Trematon Castle stands on an eminence rising steeply above the River Lynher, two miles southwest of Saltash and the Tamar estuary. Robert, Count of Mortain and Earl of Cornwall probably founded the castle. It is referred to as his in the Domesday Book. At that time Trematon was a place of some importance whereas now it is scarcely a village. The castle saw action in the Civil War and, earlier, in the course of Kilter’s Insurrection which broke out in Cornwall in 1594. The rebels laid siege to the castle and managed to lure out and capture its defender, Sir Richard Grenville. Trematon is a fine example of a motte and bailey castle. It is even more notable for the …

St. Briavels Castle

St, Briavels Castle occupies an elevated site overlooking the Wye Valley and the Welsh Border. Niles Fitz Walter, Earl of Gloucester, first built the castle during the Anarchy, but Henry II took possession in 1160 and it remained a royal stronghold thereafter. Kings, especially John, came here to hunt in the Forest of Dean. It between times, it served as the administrative center of the forest, which was important for iron forges, and the castle became a stone house for the innumerable crossbow bolts made there. A massive gate house dominates the castle, Built by Edward I in 1292, it must have been a good example of the keep gate house theme and a worthy counterpart to the gatehouses of …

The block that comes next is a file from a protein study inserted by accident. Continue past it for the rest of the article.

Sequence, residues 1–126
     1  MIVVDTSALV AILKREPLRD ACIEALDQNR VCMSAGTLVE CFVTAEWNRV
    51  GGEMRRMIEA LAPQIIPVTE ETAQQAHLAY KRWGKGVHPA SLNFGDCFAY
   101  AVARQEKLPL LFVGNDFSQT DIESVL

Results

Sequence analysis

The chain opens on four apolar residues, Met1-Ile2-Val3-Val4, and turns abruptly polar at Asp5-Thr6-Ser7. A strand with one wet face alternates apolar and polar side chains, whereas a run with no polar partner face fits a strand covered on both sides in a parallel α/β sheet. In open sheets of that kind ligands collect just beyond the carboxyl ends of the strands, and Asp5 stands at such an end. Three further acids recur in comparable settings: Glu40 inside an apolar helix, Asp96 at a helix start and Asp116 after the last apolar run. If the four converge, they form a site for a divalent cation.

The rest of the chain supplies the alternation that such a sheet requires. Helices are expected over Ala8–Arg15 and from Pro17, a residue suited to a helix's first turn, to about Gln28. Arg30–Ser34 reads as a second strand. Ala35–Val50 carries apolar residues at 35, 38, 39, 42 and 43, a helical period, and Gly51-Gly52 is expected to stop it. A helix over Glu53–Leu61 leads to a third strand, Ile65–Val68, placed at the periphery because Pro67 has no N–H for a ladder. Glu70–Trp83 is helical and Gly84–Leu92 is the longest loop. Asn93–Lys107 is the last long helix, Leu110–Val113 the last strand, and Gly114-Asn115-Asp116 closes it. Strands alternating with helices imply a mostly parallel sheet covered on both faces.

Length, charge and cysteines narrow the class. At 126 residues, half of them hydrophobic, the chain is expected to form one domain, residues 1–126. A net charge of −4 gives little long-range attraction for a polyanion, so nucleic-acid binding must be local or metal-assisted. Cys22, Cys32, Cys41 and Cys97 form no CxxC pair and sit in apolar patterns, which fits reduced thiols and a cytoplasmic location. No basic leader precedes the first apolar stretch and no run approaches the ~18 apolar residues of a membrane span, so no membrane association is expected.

Leeds Castle

Leeds Castle rises serenely from the waters of its urrounding lake. The lake is an artificial one created by damming the River Len. The castle existed in 1139 because, in that year, King Stephen wrested it from Matilda’s supporters. The two islands on which suggest a motte and bailey origin, and the lake itself existed by 1272. In terms of masonry, however, the castle is essentially the work of Edward I, with additions by Henry VIII and much nineteenth century beautification. Around the entrance, the lake decreases to a narrow moat. On the near side of the moat are the ruins of a peculiar barbican, which had three gateways because three roads converged here. The gatehouse is a squat tower, …

Launceston Castle